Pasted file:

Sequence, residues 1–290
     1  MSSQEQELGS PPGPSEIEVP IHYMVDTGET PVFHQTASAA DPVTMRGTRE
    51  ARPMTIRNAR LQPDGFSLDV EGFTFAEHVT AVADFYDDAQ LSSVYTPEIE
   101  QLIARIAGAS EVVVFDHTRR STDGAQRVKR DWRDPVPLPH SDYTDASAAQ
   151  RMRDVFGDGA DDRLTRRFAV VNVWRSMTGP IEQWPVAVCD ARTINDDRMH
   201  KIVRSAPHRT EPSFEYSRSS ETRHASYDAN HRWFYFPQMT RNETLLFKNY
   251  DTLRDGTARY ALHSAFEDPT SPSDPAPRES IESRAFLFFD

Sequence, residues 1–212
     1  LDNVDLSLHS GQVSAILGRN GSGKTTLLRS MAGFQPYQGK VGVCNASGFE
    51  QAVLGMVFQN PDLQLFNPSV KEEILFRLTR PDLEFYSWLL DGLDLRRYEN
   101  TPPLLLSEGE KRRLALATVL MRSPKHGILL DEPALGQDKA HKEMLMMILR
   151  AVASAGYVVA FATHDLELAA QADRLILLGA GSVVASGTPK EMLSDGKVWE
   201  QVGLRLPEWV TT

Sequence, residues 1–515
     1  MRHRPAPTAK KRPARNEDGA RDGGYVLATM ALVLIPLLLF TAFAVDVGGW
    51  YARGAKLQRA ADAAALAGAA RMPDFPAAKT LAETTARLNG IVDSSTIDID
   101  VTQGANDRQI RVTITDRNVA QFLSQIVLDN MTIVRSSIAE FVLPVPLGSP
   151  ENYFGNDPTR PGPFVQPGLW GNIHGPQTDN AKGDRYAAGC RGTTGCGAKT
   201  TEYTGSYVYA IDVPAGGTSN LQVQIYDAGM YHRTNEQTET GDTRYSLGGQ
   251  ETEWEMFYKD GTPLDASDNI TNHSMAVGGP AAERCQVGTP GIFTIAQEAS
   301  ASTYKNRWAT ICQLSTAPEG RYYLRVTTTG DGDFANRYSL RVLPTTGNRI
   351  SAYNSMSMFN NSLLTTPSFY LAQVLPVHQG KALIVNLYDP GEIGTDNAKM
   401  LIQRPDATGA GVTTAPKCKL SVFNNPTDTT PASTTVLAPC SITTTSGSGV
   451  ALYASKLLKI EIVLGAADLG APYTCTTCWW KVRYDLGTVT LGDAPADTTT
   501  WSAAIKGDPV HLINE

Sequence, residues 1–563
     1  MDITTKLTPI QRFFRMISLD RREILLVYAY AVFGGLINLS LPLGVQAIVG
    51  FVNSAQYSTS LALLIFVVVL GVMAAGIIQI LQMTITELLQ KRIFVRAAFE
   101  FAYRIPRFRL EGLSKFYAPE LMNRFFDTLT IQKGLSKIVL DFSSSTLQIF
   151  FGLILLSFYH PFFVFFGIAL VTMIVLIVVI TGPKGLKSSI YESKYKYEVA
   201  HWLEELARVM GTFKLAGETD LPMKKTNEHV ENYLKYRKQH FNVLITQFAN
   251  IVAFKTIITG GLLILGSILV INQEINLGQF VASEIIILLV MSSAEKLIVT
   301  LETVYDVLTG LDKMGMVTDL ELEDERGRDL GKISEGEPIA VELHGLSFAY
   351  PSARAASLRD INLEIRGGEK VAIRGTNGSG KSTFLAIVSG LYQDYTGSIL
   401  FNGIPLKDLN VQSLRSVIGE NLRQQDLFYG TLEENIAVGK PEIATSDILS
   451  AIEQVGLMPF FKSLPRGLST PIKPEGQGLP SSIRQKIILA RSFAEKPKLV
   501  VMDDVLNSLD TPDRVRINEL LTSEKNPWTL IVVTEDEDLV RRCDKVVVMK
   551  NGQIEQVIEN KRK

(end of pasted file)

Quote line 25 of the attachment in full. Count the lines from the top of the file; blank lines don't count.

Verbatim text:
   501  WSAAIKGDPV HLINE